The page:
Noon Number (September 27th): 91.69

Marilyn Indahl-USA TODAY Sports

I've got another Noon Number here for you kind folks to enjoy. This is the final one for my 1st week on the job, so I better not screw it up.

Today's Noon Number is: "91.69", which is Niklas Backstrom's Even-Strength Save Percentage from the 2013 season.

Even-Strength Save Percentage (or ES Sv%) is generally considered to be the most fair and accurate statistic for evaluating goaltenders because it can't be affected by the quality of the goalie's teammates. Theories that better defencemen don't limit the amount of shot attempts, just the amount of "quality shots" have been hotly-debated and mostly reputed. Feel free to immerse yourself in the shot quality debate.

Backstrom's ES Sv% ranked 35th out of all NHL goaltenders who played at least 500 minutes last year (53 candidates). This is pretty poor for a starter, and disappointing after his fantastic 2011-2012 where he ranked 7th in the same criteria.

A point that has been argued is that, due to Harding's health issues, Backstrom took on an extremely heavy workload and probably suffered from fatigue. I don't really buy this as he finished 7th in minutes-played, behind Antii Niemi (13th in ES Sv%), Henrik Lundqvist (8th), Ondrej Pavalec (39th), Evgeni Nabokov (37th), Jimmy Howard (3rd!) and Pekka Rinne (17th). The other point, that Backstrom tied for 1st among goaltenders in 'Wins' this year doesn't mean a thing, as Wins is an irrelevant statistic as far as goaltending goes (see: Marc-Andre Fleury).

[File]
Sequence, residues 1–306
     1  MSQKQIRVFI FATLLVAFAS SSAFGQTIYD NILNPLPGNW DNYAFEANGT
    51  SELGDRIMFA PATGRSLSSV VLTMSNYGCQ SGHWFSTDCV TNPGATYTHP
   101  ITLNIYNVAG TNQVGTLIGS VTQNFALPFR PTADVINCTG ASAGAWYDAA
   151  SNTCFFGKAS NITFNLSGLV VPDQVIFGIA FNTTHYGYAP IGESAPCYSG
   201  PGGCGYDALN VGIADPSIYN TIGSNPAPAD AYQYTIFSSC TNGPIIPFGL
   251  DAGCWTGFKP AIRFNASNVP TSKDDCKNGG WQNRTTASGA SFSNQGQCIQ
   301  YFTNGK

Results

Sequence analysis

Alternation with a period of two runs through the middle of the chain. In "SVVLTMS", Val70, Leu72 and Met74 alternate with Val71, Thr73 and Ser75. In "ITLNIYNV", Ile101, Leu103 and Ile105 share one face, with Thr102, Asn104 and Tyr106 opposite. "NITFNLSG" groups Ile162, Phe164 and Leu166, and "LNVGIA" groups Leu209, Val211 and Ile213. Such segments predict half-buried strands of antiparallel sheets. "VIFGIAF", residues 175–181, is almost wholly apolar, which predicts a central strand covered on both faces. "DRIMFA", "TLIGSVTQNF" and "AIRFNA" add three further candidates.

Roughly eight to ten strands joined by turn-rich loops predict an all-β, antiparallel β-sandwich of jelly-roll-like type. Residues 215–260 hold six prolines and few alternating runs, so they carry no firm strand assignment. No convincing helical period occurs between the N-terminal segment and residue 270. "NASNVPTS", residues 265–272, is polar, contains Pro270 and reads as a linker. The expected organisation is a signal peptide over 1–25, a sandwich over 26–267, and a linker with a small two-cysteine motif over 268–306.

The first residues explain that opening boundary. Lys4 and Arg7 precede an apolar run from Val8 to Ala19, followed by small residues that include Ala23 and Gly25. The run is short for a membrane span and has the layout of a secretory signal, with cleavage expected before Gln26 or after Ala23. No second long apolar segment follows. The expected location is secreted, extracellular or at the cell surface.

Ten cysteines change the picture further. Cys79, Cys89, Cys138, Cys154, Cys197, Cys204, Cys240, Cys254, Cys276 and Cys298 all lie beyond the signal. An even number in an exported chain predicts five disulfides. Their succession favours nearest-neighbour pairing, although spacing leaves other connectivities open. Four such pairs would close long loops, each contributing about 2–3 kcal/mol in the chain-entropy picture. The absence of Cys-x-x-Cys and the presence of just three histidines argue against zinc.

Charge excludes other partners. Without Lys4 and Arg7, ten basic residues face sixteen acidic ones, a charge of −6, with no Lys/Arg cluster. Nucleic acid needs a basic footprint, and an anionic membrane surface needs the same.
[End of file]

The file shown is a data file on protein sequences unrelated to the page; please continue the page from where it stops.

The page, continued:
Our good 'ol buddies over at Copper & Blue recently did a series of posts analysing NHL goaltenders, and I found this article about the ES Sv% of goalies since 2005-2006 particularly interesting. The set criteria was:

The number at the left is the individual even strength save percentage rank in the NHL since the 2005-06 season for qualifying goalies. In this case a "qualifying season" is one in which the goaltender played in 25 regular season games or more. The number on the far right is the goaltender's save percentage in those qualifying seasons only, and the numbers in between are the totals from those qualifying seasons. Using a 25 game cutoff eliminates one-offs, injury-filled seasons and eliminates anyone not eligible for the Jennings Trophy, a random cutoff to be sure, but, hey, at least it's consistent. Note that in 2012-13, a qualifying season was 15 games. Only goaltenders with two more more qualifying seasons were considered.

Backstrom finished 22nd in these rankings with a career ES Sv% of 0.923. Guys with the same score were Devan Dubnyk, Ilya Bryzgalov, Jonathan Quick (!), Mike Smith and Mikka Kiprusoff. That gives you an idea of where Backstrom is as an NHL goaltender. He's not quite in the top tier, but he's still a serviceable guy who can definitely be a part of a successful team. What he won't do is carry a terrible team to great heights, but that shouldn't be an issue with this current Wild roster.

Interestingly, Josh Harding finished 33rd (out of 76) in the rankings with a career ES Sv% of 0.920. He tied with Cristobal Huet and Evgeni Nabokov, and finished ahead of, starting NHL goalies, Marc-Andre Fleury, Steve Mason/Ray Emery, Cam Ward, Ondrej Pavalec and Brian Elliott. Not bad for a guy who's been beset by injury and health problems just as he was coming into his prime.

That's all. Have it out in the comments section, or go yell at me on Twitter (or both). I'm off to enjoy my weekend.

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